1. You’ll lack relevance. You really must have an organization that reflects your audience and your consumers, and this country is made up of so many rich cultures and backgrounds, but most of our mainstream culture still reflects the experience of Whiteness and maleness.
  2. Making a regrettable mistake that could have been avoided. We see so many corporate apologies that could be avoided by having a diverse and inclusive decision-making team and process from the onset.
  3. It’s wrong. This is the most important reason, but I offered the others first because clearly the basic recognition that it is patently harmful to leave out diverse voices, perspectives and human beings is not a compelling enough reason. I find it sad that this current racial recognition is such a wake-up call to those who have been pressing “snooze” or “dismiss” on these alarms for far too many decades.

More broadly can you describe how this can have an effect on our culture?

This can have the effect on our culture of disabling the “default” setting that the country, and the world even, must come through a prism of Whiteness and maleness. That doesn’t reflect our global community and, increasingly, it does not reflect the makeup of this country. Sharing all experiences is important in a world where information travels so quickly and there are so many opportunities to connect. There is also a huge cost assigned to dismissing diversity and effectively enabling racism to remain baked into this country’s DNA. It was recently calculated in a study by Citigroup that the U.S. economy lost a whopping 16 trillion dollars because of anti-Black discrimination alone. Specifically, their research shows that had the U.S. closed unfilled gaps in housing, investment, education and wages 20 years ago, there would have been an additional 16 trillion dollars added to the country’s economy. For those who don’t have a moral responsibility, maybe a monetary reality check will make the case.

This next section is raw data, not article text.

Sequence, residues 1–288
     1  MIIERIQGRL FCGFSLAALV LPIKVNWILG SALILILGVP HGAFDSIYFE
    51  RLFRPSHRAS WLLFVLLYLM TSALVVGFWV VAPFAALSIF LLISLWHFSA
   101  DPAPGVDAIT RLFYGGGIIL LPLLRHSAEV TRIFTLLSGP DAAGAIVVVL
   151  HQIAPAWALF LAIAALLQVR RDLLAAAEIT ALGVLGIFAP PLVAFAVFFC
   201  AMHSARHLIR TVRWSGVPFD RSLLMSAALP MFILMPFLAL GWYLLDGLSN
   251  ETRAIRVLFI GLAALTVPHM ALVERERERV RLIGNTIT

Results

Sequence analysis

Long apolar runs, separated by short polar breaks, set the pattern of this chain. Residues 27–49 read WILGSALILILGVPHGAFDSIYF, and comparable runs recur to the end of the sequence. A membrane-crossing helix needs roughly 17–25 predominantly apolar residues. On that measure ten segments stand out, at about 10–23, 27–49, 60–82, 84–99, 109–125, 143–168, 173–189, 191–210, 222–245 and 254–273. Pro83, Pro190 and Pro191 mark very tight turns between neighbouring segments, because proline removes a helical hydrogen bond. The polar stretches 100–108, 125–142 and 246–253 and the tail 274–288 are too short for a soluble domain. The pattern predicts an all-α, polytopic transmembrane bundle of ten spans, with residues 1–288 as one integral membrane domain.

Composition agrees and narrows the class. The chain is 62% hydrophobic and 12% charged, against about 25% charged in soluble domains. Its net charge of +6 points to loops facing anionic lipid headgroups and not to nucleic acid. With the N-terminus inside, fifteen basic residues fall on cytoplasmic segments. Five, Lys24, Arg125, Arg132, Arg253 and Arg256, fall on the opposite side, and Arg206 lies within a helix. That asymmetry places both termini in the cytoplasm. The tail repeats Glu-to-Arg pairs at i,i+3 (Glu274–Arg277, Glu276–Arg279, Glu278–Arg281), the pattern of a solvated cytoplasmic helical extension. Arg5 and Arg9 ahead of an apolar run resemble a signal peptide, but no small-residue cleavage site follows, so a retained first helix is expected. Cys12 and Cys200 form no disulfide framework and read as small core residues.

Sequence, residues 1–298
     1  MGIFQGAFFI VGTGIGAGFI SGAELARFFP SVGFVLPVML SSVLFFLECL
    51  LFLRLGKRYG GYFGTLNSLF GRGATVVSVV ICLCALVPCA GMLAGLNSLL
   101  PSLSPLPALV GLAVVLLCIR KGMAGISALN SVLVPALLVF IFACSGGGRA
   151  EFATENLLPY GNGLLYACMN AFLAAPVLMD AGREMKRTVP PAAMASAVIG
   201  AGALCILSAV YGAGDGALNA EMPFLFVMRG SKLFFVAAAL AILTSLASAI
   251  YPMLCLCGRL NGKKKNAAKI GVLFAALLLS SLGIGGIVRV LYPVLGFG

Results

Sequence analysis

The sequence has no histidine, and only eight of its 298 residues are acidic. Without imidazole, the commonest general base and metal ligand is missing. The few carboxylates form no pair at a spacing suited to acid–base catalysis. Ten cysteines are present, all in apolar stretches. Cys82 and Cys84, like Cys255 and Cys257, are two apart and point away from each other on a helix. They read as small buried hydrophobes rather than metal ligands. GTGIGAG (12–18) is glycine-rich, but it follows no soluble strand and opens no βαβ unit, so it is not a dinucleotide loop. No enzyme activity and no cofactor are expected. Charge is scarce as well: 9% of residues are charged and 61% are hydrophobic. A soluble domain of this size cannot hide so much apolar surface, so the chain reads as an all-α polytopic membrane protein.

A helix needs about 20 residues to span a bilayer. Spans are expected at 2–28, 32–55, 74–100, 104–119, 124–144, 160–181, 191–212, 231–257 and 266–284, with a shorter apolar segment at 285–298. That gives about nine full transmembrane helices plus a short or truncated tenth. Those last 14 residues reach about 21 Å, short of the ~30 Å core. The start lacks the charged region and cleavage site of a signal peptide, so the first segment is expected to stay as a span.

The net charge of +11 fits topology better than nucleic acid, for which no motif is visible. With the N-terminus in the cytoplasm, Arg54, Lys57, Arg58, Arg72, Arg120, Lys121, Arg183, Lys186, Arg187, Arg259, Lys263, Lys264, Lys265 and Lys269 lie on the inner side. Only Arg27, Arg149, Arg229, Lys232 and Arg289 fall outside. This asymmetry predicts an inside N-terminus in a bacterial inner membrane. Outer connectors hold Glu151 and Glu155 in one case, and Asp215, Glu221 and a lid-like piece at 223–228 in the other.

Can you recommend three things the community/society/the industry can do help address the root of the diversity issues in executive leadership?

Yes, it is well known that though segregation is allegedly a spectre of the past, it is indeed prevalent in areas as simple as friendship. We are not in each others’ circles. It is up to companies to reach outside the networks they are comfortable with, as some technology companies are doing, by establishing formal programs and rapports with HBCUS for example, and widen their pools.

Additionally, once these individuals are within a company, provide the opportunity for advancement and leadership that are well deserved. The so-called microaggressions that at times drive African Americans out of their desired workplaces are not “micro” and must be removed to create not only a diverse, but an inclusive workforce.

Just as importantly, there is microscopic investment in Black business by banks and VC firms. That must be rectified because entrepreneurship has long been a staple of leadership for the Black community who has been locked out of the C-suite. My own father, the late W. Louis Kyles, was an entrepreneur, first a professional medical supply business owner and then a franchisee for Burger King. He did this because, despite his stellar performance in the workplace, he witnessed and experienced discrimination that turned him off from corporate.